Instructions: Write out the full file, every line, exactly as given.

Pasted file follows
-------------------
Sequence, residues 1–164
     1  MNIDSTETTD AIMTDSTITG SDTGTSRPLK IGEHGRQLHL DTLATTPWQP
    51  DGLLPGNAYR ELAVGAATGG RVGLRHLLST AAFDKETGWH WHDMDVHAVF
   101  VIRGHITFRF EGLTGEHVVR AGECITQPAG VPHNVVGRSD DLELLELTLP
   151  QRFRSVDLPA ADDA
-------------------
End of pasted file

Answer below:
Sequence, residues 1–164
     1  MNIDSTETTD AIMTDSTITG SDTGTSRPLK IGEHGRQLHL DTLATTPWQP
    51  DGLLPGNAYR ELAVGAATGG RVGLRHLLST AAFDKETGWH WHDMDVHAVF
   101  VIRGHITFRF EGLTGEHVVR AGECITQPAG VPHNVVGRSD DLELLELTLP
   151  QRFRSVDLPA ADDA